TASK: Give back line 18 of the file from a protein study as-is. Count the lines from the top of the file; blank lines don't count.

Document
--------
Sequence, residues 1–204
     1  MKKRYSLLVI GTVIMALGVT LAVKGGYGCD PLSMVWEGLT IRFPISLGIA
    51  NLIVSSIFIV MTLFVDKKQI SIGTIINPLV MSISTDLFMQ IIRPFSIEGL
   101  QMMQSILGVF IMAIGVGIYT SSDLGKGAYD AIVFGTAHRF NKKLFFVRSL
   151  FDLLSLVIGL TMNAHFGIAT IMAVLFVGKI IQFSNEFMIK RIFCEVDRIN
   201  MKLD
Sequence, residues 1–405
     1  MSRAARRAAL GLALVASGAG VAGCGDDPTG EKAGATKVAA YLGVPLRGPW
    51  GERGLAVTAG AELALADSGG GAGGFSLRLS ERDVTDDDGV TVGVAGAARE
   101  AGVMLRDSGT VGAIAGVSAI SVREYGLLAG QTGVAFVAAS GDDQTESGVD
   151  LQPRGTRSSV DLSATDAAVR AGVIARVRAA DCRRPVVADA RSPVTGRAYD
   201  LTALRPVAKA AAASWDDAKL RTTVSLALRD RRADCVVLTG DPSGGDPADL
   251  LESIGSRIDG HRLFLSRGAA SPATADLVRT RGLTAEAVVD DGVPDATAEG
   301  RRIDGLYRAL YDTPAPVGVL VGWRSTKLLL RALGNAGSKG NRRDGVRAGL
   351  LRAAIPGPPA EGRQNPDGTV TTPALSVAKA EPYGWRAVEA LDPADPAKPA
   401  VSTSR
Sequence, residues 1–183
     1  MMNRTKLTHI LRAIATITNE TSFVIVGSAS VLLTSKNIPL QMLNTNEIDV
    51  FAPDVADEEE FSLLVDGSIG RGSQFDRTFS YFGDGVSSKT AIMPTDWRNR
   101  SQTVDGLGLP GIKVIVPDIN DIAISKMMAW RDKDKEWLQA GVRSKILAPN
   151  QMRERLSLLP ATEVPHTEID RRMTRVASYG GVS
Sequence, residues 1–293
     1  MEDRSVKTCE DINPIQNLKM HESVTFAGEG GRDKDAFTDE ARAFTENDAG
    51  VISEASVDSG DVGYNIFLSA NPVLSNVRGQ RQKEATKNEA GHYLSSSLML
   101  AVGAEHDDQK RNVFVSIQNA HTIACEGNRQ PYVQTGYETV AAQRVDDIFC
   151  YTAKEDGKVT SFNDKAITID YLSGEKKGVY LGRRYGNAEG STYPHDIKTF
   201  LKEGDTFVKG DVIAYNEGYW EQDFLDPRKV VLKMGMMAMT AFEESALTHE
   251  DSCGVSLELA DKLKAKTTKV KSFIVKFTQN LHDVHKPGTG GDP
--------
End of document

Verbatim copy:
     1  MMNRTKLTHI LRAIATITNE TSFVIVGSAS VLLTSKNIPL QMLNTNEIDV